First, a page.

- Associated Press - Tuesday, July 8, 2014

BOISE, Idaho (AP) - In a story July 2 about security costs surrounding a gun-rights event, The Associated Press reported erroneously a statement by a Boise State University spokesman. The BSU spokesman said it was a community member who encouraged people to openly carry guns on campus, not gun rights activist Dick Heller.

A corrected version of the story is below:

Boise State may face lawsuit over gun-rights event

Boise State asked to change policies or face possible lawsuit over fines for gun-rights event


Associated Press

BOISE, Idaho (AP) - A private legal organization wants Boise State University to change its policies or face a possible lawsuit after the school charged $465 in security fines for a gun-rights event earlier this year.

The university violated the First Amendment rights of the Young Americans for Liberty group that sponsored a campus speech by gun-rights advocate Dick Heller in May, the Center for Defense of Liberty alleged Monday.

BSU spokesman Greg Hahn said it’s not unusual for the school to charge for enhanced security to defray costs to students and taxpayers. Boise police decided to staff the event with extra officers to ensure safety after the school discovered a community member was encouraging those attending Heller’s talk to openly carry weapons on campus, Hahn said.

The Center for Defense of Liberty, which says it aims to protect people’s constitutional rights through the courts, wants the university to return the money and revise its policies, director Geoffrey Talmon said. He said a potential lawsuit is among the options the group was weighing.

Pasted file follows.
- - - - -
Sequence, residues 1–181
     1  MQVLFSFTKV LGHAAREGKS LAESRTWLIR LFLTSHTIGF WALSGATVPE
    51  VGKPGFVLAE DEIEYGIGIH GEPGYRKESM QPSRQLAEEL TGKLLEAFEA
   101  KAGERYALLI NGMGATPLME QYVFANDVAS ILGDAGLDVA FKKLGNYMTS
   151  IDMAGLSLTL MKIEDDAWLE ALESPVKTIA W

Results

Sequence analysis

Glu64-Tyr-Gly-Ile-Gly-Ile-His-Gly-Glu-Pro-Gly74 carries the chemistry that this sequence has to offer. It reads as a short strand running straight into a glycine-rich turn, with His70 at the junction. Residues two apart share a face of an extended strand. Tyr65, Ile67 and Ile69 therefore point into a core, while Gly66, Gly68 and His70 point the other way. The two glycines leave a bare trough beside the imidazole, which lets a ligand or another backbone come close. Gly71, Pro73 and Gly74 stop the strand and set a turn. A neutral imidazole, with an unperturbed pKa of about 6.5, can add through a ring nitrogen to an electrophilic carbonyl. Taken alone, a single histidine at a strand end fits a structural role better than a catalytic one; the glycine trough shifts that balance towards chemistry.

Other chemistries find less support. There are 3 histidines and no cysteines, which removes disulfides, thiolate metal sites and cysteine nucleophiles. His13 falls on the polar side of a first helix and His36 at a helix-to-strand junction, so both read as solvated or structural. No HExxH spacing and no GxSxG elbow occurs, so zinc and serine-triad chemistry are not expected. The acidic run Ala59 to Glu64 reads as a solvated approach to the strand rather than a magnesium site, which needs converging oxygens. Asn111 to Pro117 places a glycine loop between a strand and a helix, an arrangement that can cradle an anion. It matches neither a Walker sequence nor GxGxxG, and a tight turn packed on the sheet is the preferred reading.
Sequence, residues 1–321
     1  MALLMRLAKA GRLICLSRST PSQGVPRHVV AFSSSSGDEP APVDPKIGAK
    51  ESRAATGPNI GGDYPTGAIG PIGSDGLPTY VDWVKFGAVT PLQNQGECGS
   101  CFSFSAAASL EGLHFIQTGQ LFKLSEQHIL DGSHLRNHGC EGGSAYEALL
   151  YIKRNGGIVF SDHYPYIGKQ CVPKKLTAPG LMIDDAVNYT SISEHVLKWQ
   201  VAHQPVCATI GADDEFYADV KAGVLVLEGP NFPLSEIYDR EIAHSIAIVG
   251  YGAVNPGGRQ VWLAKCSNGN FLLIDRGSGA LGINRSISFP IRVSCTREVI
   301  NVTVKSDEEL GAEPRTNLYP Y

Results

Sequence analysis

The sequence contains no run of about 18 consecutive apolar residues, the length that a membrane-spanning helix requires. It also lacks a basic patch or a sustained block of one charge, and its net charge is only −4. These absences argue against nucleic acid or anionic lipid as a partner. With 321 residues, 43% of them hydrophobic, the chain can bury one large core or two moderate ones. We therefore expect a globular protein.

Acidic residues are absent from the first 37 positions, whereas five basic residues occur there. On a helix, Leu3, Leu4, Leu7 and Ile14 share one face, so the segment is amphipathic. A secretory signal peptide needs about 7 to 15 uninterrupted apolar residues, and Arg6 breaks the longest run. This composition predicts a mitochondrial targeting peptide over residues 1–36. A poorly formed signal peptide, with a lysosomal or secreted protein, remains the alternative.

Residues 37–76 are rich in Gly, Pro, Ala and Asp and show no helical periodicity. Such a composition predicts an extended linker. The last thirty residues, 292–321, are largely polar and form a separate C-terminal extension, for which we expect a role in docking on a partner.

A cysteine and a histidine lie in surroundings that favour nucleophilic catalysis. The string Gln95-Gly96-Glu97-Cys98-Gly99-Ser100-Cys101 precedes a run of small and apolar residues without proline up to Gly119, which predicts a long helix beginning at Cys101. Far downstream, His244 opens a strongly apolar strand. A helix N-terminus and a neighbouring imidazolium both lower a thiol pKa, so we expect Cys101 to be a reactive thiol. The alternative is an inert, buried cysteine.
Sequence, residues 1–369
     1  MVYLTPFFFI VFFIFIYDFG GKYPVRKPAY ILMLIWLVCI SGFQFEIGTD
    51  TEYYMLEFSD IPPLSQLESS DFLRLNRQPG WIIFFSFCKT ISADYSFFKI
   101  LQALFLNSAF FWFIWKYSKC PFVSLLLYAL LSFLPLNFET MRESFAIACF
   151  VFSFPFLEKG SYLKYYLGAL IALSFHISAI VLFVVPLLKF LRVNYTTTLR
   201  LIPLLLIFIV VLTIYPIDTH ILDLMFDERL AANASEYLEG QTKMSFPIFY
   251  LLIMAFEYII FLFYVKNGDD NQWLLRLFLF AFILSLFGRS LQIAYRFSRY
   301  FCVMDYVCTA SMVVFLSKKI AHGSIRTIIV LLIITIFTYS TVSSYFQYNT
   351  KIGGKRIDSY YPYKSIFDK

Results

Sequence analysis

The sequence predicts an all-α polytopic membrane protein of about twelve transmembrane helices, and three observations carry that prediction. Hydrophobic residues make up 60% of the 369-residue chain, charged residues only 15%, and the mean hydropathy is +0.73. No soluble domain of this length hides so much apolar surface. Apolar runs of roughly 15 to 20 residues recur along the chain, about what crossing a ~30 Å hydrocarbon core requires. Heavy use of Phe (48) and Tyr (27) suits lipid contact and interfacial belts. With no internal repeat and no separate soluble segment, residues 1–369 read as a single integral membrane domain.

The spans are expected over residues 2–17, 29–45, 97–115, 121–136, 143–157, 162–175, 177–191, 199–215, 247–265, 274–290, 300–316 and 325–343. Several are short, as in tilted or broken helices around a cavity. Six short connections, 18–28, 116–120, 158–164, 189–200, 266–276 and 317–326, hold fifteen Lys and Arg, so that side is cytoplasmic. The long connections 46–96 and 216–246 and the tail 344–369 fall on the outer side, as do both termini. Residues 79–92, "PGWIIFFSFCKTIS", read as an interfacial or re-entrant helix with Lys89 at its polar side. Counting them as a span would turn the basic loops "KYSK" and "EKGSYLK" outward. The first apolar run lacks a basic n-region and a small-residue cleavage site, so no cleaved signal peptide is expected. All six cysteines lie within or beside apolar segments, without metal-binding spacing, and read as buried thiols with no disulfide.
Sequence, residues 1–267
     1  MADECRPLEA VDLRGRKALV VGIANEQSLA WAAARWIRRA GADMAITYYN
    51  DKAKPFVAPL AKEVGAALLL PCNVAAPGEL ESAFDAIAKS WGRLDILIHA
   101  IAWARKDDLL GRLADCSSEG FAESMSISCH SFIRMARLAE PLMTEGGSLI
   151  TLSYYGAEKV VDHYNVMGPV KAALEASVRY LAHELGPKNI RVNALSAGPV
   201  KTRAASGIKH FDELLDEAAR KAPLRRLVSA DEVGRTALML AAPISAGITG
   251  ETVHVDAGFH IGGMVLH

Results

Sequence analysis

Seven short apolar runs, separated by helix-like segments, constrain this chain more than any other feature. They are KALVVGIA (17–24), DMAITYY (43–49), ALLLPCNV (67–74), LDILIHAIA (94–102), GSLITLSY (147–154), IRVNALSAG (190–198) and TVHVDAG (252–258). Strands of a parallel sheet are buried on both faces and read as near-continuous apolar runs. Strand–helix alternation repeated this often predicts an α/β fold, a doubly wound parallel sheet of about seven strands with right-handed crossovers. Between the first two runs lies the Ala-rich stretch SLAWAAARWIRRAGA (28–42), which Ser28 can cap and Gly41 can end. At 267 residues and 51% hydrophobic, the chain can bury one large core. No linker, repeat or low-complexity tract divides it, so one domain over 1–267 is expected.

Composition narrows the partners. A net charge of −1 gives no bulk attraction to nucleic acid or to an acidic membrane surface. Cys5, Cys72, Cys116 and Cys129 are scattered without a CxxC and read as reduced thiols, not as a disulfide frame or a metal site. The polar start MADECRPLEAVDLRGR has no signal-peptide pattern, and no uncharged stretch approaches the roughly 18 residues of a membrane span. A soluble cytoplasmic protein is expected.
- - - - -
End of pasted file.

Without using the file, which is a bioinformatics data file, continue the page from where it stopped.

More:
In a letter sent to the university Monday, the organization also points out that the school required prior approval of event fliers and removed the event information from BSU’s website. Talmon asked university officials respond before July 14.

“Not only did BSU unconstitutionally place a price tag on Mr. Heller’s speech by assessing various ‘security’ charges based on the content of Mr. Heller’s expression and the expected reaction from the attendees, but it also appears that BSU depressed attendance at the Heller event by removing information about the event from its website,” Talmon wrote.

Hahn said university President Robert Kustra is out of town and has not yet received the letter.

BSU faces a separate free speech lawsuit from an anti-abortion organization that claims the university violated the First Amendment by restricting campus protests to a handful of “speech zones.”

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